7 pieces of architecture that shaped Scotland’s Railway
Tuesday night’s ‘The Architecture the Railways Built’ has become a staple on our tv viewing calendars.
And with not a lot else to pop on the calendar, it’s nice to have an hour of fascinating television, showcasing the incredible sights of the railway in the UK and further afield. There’s something reassuring about seeing gorgeous locations, easily accessible by rail that we can one day return to showcased so beautifully. We love that Scotland features heavily with iconic locations such as Wemyss Bay Station, Connel Bridge, Ballochmyle Viaduct and Laigh Milton Viaduct.
If you’ve not yet had a chance to watch the programme, you can catch it on a Tuesday evening at 8pm on the Yesterday Channel.
In this blog we’re taking a look at the iconic architecture that has helped to shape Scotland’s Railway.
Wemyss Bay Station
Featured in the first episode of ‘The Architecture the Railways Built’, this stunning station was rebuilt in 1903 by renowned architect James Miller featuring magnificent glazing. Anyone that has ever visited the station will know just how special it is. There are no corners, just gorgeous flowing curved lines to the platforms and down to the ferry that carries passengers over to Rothesay on the Isle of Bute.
One of the most fascinating things about Wemyss Bay Station is that it features a wonderfully unique range of styles. There’s the Chinese influence, found in the pagodas at the ferry end of the station, the Italian clock tower which provides a great photo opportunity on a summer’s evening, and a Georgian style timber frontage.
For a lot of people in the past, Wemyss Bay station was a feature on their summer holidays as they headed off “doon the watter”. Those glory days of holidays are now commemorated with a statue of a boy carrying a model boat.
Another thing that makes the station so special are the fabulous floral displays created by The Friends of Wemyss Bay Station. Every year the station comes alive, as it did in days gone by, with towers of colourful plants and flowers. The group also run the bookshop and gallery at the station.
The Forth Bridge
The Forth Bridge needs no introduction and is synonymous with Scotland’s Railway. It also happens to be one of Scotland’s seven UNESCO World Heritage sites. Opened in 1890, it’s Scotland’s greatest symbol of Victorian engineering and is known to Railway folk, as simply ‘The Bridge.’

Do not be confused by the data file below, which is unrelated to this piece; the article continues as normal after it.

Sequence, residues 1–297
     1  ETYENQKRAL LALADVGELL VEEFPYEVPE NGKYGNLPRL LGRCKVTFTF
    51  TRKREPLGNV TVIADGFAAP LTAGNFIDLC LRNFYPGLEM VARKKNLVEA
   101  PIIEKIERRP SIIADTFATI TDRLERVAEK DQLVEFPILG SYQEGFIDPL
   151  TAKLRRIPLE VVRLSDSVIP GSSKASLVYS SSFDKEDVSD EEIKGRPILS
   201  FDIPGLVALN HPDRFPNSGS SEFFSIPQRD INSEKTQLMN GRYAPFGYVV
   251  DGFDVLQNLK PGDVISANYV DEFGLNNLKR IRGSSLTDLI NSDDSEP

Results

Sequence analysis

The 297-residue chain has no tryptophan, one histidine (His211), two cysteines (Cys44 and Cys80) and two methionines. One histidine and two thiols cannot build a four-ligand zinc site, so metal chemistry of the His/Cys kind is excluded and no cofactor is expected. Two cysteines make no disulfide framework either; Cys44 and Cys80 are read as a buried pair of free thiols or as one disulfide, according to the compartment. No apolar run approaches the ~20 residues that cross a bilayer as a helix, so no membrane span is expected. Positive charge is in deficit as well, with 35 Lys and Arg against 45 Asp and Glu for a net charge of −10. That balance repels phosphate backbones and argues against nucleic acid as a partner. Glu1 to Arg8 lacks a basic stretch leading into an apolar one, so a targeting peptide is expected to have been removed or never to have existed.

The three cantilever, 2,467 metre long structure stands tall at 46 metres high over the Firth of Forth. The striking colour of the bridge is thanks to Network Rail who have lovingly restored the structure in traditional red using techniques developed by the North Sea oil industry.
Building the Forth Bridge back in the 1800’s unfortunately wasn’t without its tragedies and there are memorials below both ends to commemorate those who died in its construction.
The bridge’s plans for the future include a visitor centre at the south end, which will also enable people to undertake a bridge climb, similar to that of the Sydney Harbour Bridge. As you can imagine, the views from the top are incredible so we’re excited for this to open. Even just taking a train ride over the iconic red bridge is a journey to remember.
The Heilanman’s Umbrella
Glasgow Central station is Scotland’s busiest station with millions of people passing through each year. The wonderfully light and airy station was rebuilt by architect James Miller in 1903. As you approach Central station along Argyle Street, you’ll no doubt have noticed, and probably walked under, the striking glass-sided bridge that carries the platforms south, over Argyle Street. While nowadays it’s a nice shortcut into Central, particularly to get to the Low Level platforms, back in the 1920s and 1930s it was a place for Highlanders to shelter from the harsh Glasgow weather.